How the DFG is used now

Government investment in the DFG has more than doubled over recent years. However, local authorities have reduced the amount of additional funding that they contribute. This has meant the number of homes being adapted has not significantly increased (although numbers for 2017/18 are not yet available). 

Nearly two-thirds of DFG applications are for older people, just over a quarter for working age adults and a small but growing minority for disabled children and young people. 


Nearly 60% of applications are made by owner-occupiers, not surprisingly as most older people own their own home. A third of applications are made by tenants of housing associations, with only 8% from private tenants, although the numbers of disabled tenants are now similar in each tenure. This highlights a clear disparity between the ability of disabled private and social tenants to adapt their home, a situation which is particularly acute in London. Adaptations for council house tenants are funded entirely separately, not through the DFG.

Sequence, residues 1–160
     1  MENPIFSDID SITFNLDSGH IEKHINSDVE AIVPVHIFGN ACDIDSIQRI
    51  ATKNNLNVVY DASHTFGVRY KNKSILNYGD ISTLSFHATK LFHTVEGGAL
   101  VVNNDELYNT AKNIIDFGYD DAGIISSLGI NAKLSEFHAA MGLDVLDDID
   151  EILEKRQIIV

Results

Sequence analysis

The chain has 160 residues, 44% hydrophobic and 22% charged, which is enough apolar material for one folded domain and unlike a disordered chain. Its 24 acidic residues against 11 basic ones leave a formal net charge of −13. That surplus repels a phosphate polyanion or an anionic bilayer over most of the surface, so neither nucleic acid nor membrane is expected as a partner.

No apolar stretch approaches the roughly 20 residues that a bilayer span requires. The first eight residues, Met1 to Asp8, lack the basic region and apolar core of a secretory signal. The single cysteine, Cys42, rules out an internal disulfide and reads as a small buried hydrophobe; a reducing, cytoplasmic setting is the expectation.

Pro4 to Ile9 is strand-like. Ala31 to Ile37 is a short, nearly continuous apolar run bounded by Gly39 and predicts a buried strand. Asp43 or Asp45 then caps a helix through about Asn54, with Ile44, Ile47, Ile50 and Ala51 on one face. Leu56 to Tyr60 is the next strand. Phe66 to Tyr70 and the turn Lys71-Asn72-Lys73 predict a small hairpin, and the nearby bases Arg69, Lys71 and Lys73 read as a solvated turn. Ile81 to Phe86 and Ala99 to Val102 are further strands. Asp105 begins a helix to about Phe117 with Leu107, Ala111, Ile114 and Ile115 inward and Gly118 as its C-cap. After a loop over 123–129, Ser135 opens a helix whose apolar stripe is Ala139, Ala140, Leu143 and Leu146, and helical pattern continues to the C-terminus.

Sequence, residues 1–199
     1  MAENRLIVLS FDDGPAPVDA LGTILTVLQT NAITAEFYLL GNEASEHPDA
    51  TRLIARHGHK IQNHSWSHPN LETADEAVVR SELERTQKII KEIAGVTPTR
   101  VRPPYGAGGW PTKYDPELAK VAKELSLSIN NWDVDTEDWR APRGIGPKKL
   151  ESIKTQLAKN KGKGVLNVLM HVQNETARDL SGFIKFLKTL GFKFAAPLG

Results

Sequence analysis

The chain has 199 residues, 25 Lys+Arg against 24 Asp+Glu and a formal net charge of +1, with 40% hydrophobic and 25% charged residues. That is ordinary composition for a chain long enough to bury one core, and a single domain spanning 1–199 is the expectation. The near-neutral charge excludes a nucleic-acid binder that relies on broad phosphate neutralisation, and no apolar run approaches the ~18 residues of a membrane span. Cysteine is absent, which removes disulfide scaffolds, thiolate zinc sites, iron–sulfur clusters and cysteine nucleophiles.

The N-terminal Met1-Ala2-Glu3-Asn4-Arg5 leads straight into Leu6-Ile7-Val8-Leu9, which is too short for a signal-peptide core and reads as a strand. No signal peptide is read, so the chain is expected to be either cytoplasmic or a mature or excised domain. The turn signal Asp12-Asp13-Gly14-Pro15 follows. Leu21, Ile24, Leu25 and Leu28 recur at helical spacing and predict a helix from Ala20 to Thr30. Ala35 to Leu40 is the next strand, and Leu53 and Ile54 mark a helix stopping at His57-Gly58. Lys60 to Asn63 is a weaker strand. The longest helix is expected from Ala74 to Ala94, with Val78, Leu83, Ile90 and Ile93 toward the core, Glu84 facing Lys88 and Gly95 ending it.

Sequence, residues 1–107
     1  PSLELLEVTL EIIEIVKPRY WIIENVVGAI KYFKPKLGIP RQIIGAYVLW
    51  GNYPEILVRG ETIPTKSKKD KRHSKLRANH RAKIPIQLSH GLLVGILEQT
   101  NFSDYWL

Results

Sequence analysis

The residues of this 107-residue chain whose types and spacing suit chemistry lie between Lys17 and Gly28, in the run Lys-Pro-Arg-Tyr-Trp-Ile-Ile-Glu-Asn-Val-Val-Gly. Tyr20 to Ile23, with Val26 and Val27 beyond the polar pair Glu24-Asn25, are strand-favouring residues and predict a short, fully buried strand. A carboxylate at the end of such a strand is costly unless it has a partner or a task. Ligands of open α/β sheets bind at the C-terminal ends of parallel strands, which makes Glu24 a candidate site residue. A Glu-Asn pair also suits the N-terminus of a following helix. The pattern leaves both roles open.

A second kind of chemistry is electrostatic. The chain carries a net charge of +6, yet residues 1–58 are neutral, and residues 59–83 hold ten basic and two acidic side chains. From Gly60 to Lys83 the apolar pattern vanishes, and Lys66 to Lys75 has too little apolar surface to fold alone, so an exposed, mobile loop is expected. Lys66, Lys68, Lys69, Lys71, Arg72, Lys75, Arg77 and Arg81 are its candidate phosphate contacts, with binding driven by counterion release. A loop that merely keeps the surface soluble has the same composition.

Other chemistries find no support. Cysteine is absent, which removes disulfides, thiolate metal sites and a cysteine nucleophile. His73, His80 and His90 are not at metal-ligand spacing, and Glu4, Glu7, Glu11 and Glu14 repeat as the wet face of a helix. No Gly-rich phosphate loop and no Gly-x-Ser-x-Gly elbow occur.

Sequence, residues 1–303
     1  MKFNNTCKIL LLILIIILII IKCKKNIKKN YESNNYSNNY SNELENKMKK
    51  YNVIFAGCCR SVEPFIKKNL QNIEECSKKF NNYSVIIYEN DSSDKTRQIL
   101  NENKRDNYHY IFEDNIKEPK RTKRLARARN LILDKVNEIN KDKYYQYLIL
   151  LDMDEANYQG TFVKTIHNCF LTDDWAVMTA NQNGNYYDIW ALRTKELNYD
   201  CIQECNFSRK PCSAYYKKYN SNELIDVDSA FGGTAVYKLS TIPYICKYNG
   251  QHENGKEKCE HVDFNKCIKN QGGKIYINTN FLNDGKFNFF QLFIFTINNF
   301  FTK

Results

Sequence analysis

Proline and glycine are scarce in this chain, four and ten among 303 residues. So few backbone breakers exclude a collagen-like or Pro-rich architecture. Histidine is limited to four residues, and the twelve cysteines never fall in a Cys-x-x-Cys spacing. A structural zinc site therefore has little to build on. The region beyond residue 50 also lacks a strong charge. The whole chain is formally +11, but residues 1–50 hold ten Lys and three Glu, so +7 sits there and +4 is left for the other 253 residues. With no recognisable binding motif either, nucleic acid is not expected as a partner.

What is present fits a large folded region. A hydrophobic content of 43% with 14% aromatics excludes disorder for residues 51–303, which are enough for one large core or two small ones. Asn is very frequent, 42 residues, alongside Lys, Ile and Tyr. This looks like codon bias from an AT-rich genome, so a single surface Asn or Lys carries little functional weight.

Nearly 9 out of every 10 applications relate to physical disabilities and 90% of adaptations provided are either level access showers, stair lifts or ramps. The average cost is around £9,000 but most work is under £5,000. This varies by region, with the highest costs in London and the lowest in the North East. Of the people who are assessed as needing an adaptation, around a third drop out along the way, usually due to financial reasons.